Up until Robert’s arrest, Geoff Waterhouse said they were never contacted by Oxendine, nor anyone from his office, nor anyone from any law enforcement agency, nor DA Milam, nor anyone from Milam’s office. “We have ALWAYS dealt directly with CBL and it would be very easy to confirm this from our phone bills, our bank records and with Nolan & Co who did all the claims adjusting,” Waterhouse wrote. He told APN that they would have been happy to turn their records over to any authority who had asked.
When Atlanta Progressive News was first informed of the story from a phonecall from New Zealand, we were able, within minutes, to check the Contractors Bonding Limited website, www.contractorsbonding.com ( As of 31st December 2003, CBL’s Shareholders Funds stood at $20m ), the Nolan & Co. website, www.nolanandcompany.com ( Thomas S. Nolan, President and General Adjuster, has 28 years of claim adjusting experience etc.) and the National Association of Insurance Commissioners website, www.naic.org/cis/index.do (MARK SOLOFA INS CO, NAIC#: 11554 Home Office: American Samoa, Business Type: Property/Casualty ) to establish they all appeared to be legitimate businesses as Waterhouse claimed.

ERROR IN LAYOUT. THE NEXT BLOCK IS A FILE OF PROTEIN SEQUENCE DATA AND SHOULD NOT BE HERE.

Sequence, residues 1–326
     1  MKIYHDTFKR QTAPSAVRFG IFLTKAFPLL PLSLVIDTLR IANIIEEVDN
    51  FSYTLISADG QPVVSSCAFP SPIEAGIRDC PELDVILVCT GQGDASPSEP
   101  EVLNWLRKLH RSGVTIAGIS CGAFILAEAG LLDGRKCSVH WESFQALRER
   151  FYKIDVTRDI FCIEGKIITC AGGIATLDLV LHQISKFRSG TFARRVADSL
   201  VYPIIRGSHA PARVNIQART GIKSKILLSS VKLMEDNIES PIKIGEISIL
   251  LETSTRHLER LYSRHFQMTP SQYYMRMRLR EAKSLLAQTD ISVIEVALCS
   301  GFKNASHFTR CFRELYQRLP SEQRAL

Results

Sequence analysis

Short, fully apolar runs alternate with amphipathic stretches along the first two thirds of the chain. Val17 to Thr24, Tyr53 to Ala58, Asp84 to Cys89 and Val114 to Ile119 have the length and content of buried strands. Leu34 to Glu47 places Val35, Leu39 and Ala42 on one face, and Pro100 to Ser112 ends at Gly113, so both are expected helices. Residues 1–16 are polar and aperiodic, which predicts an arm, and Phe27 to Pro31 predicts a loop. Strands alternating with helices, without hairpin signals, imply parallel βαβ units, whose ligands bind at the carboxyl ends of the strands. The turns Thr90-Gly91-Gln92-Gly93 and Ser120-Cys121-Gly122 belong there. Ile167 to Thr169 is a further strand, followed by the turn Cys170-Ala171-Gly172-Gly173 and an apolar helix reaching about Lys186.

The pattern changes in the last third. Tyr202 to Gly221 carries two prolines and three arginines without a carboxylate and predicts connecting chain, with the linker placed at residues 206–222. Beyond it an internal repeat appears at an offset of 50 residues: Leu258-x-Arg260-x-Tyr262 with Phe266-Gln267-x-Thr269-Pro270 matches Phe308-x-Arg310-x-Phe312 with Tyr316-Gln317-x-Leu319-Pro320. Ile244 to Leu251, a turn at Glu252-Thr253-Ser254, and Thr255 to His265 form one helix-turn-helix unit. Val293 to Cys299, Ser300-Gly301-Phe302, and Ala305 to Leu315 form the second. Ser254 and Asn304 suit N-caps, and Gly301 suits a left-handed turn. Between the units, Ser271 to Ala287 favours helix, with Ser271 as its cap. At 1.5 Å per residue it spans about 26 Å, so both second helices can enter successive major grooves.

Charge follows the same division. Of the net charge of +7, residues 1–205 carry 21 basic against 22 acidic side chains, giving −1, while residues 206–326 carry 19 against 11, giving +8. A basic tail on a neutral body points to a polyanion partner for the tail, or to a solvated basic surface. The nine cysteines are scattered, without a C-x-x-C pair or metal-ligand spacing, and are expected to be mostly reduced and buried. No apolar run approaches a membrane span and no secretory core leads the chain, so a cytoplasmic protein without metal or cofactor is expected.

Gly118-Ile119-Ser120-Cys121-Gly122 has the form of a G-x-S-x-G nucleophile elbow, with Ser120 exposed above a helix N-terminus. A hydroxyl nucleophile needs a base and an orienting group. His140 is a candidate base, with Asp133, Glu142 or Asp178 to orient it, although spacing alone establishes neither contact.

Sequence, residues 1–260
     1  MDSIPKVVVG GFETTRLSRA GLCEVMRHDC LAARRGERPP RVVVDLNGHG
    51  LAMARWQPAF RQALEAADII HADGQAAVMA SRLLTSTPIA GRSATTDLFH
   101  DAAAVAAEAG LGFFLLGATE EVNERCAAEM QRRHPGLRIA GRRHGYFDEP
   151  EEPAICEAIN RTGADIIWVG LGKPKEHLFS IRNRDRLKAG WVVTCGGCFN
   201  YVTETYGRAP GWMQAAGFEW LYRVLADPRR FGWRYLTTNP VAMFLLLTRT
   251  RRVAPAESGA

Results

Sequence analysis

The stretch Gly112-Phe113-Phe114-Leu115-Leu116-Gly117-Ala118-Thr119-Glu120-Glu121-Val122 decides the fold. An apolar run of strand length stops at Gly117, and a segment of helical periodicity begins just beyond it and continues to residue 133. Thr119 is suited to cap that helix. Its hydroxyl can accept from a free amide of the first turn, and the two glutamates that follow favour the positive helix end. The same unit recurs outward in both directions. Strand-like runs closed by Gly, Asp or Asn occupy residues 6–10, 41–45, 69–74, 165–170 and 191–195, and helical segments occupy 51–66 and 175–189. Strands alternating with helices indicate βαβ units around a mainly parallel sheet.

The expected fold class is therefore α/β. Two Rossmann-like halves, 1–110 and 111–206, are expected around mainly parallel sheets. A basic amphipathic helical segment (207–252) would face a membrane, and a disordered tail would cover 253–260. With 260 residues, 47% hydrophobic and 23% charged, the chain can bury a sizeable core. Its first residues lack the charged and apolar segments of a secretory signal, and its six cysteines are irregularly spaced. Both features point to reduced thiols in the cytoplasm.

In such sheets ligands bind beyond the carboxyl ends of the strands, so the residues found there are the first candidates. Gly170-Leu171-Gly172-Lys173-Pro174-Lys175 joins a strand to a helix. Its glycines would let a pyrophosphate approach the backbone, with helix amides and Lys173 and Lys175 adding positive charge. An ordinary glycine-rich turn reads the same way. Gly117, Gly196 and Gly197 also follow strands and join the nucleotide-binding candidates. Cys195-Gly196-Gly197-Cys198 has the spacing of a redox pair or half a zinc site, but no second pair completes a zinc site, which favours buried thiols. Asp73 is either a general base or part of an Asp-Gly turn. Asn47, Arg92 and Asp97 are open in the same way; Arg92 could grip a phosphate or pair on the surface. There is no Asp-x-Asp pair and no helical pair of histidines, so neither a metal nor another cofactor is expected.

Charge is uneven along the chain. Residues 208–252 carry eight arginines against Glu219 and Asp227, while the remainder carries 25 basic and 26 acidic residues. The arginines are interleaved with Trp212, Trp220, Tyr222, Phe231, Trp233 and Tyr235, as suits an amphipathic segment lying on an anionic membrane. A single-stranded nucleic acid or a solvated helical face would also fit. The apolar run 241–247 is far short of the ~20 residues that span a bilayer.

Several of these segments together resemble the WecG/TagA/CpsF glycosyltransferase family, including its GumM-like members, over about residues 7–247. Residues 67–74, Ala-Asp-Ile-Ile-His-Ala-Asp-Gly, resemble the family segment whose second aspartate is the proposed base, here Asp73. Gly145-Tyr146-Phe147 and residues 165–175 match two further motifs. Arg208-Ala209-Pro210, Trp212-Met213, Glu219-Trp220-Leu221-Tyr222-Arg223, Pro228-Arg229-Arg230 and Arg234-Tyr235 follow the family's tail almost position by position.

Guy Drexinger, Oxendine’s opponent, said, “I have pledged not to accept any contributions from the insurance industry and publicly supported legislation this session that would ban contributions to candidates for Insurance Commissioner from out of state insurance companies.”
CORRECTIONS: An earlier version of this story stated Robert Waterhouse claimed he was falsely arrested. That communication came from Godfrey “Geoff” Waterhouse, not Robert. The Waterhouses ran an insurance agency, not an insurance company. Also, Atlanta Progressive News does not know yet whether the assets which were frozen are missing. Furthermore, the NAIC did not certify Solofa; they merely issued them a code number. The story was been changed to reflect these items.
About the author:
Betty Clermont is a Staff Writer for Atlanta Progressive News and may be reached at firstname.lastname@example.org
This article may be reprinted in full at no cost where Atlanta Progressive News is credited.